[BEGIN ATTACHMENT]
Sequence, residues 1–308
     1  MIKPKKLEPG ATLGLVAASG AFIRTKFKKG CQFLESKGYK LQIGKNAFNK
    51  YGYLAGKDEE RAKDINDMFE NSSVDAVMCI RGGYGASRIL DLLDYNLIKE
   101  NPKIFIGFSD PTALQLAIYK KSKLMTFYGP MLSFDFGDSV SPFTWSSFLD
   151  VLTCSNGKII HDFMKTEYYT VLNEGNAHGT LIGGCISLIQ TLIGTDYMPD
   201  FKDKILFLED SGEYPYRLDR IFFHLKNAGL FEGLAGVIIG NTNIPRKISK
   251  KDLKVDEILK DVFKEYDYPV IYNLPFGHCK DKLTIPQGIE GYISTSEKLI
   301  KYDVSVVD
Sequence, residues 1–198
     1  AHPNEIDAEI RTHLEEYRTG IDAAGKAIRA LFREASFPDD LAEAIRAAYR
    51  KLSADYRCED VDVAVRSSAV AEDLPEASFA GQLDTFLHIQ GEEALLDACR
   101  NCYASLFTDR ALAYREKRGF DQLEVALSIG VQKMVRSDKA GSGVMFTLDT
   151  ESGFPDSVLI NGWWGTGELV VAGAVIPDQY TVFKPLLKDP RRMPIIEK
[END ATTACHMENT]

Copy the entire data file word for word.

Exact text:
Sequence, residues 1–308
     1  MIKPKKLEPG ATLGLVAASG AFIRTKFKKG CQFLESKGYK LQIGKNAFNK
    51  YGYLAGKDEE RAKDINDMFE NSSVDAVMCI RGGYGASRIL DLLDYNLIKE
   101  NPKIFIGFSD PTALQLAIYK KSKLMTFYGP MLSFDFGDSV SPFTWSSFLD
   151  VLTCSNGKII HDFMKTEYYT VLNEGNAHGT LIGGCISLIQ TLIGTDYMPD
   201  FKDKILFLED SGEYPYRLDR IFFHLKNAGL FEGLAGVIIG NTNIPRKISK
   251  KDLKVDEILK DVFKEYDYPV IYNLPFGHCK DKLTIPQGIE GYISTSEKLI
   301  KYDVSVVD
Sequence, residues 1–198
     1  AHPNEIDAEI RTHLEEYRTG IDAAGKAIRA LFREASFPDD LAEAIRAAYR
    51  KLSADYRCED VDVAVRSSAV AEDLPEASFA GQLDTFLHIQ GEEALLDACR
   101  NCYASLFTDR ALAYREKRGF DQLEVALSIG VQKMVRSDKA GSGVMFTLDT
   151  ESGFPDSVLI NGWWGTGELV VAGAVIPDQY TVFKPLLKDP RRMPIIEK